The story jumps back and forth in time, from what happened leading up to the dramatic rescue of the Gracie children, to how growing up in such terrible conditions affected the children as adults. Some have fared better than others; no one has made it out unscathed.

This is a hard book to describe. None of the adult Gracie children are particularly likeable; some of them are a bit frightening in their ability to manipulate. Several are just tragic. It’s hard to get a full read on Lex, since she’s so damaged and deals with that damage by drinking a lot. A revelation later on in the book had me questioning pretty much everything about her, and the murky conclusion didn’t help matters at all.

I enjoyed the storytelling of this novel, but I wish there had been more concrete conclusions, and that it had felt more solid as a whole. If you’ve read this, I’d love to hear your thoughts.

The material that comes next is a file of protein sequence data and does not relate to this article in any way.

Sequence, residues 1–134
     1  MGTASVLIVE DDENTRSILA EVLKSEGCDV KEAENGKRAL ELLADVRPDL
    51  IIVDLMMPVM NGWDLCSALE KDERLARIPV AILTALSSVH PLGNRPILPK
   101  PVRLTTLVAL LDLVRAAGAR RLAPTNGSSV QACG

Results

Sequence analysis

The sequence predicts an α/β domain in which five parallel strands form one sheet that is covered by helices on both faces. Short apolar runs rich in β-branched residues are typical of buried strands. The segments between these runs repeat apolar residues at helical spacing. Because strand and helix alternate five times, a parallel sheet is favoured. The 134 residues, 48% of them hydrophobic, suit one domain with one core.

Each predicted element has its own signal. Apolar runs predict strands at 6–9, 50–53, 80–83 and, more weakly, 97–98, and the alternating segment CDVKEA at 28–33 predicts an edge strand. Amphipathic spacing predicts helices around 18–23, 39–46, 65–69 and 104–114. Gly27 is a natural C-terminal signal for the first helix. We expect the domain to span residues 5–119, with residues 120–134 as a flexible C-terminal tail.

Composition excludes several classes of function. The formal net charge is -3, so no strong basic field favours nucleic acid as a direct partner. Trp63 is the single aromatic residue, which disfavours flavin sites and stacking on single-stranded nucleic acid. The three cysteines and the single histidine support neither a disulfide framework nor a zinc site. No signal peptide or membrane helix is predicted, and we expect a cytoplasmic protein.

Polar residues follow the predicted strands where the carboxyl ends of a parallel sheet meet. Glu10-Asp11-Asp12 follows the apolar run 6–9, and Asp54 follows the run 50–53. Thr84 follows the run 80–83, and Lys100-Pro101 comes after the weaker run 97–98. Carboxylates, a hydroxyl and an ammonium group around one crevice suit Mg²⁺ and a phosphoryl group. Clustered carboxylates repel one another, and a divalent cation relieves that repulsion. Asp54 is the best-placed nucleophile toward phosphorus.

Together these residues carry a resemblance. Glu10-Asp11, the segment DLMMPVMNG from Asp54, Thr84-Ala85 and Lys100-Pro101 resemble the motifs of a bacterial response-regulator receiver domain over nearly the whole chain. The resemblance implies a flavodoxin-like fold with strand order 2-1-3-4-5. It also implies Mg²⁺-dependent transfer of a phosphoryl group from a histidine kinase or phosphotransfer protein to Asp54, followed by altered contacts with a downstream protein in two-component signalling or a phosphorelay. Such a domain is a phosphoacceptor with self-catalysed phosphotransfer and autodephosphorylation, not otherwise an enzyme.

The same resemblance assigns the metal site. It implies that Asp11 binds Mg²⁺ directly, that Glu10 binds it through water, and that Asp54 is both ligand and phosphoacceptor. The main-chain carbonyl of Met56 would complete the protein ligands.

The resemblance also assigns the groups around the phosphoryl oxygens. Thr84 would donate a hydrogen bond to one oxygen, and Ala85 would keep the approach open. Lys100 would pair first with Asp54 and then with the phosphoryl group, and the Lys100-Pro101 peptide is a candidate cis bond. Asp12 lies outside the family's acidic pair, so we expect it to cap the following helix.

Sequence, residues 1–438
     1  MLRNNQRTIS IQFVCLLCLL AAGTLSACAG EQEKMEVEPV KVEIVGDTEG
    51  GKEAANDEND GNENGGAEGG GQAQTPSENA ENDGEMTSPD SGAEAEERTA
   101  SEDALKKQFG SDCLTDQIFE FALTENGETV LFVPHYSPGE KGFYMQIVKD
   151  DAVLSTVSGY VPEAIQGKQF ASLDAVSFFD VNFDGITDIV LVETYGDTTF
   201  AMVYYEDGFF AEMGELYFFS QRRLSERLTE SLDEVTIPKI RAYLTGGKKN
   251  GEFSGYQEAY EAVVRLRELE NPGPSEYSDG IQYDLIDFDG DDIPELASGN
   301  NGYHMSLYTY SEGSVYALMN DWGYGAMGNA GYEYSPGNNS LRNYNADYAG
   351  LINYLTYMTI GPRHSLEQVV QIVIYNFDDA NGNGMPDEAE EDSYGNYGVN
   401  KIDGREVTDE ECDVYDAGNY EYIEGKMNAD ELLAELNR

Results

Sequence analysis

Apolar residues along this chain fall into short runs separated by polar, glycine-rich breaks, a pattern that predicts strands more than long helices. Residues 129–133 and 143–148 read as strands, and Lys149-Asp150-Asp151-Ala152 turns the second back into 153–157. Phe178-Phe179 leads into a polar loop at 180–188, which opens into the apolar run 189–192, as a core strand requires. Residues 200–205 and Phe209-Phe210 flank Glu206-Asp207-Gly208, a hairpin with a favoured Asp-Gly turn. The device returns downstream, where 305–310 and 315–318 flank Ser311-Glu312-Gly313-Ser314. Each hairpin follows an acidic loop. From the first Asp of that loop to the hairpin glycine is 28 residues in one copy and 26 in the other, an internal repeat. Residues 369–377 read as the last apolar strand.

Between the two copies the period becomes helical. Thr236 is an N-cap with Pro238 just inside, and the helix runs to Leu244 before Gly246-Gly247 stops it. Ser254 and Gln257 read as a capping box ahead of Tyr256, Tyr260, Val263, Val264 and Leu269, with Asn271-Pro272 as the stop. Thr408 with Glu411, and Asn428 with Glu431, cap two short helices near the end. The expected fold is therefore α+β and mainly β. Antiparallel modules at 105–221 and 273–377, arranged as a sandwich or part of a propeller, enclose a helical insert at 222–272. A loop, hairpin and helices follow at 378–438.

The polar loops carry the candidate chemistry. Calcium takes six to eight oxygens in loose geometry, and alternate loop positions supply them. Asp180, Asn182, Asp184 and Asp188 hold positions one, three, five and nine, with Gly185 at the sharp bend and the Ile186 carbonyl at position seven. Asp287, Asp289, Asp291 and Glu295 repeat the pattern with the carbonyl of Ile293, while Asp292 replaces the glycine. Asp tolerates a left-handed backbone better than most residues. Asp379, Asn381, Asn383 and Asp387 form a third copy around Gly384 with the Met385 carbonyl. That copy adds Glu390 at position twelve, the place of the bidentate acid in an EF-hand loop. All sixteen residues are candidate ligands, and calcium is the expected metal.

Visit Abigail Dean’s website here.

Follow her on Twitter here.

fiction · thriller

Book Review: The Nowhere Child by Christian White

I have a love-hate relationship with missing child stories. On one hand, they’re incredibly hard to read. How do you even survive any of that? On the other hand, it’s like a bruise I can’t stop poking at (I blame growing up with Soul Asylum’s Runaway Train blaring on MTV, the pictures of missing children and teenagers running on a loop on the screen every few hours during my early teen years). The Nowhere Child by Christian White (Affirm Press, 2018) ended up on my list as soon as I learned about it; a missing child, a multi-continental story, a weird religious group…yup, I was in.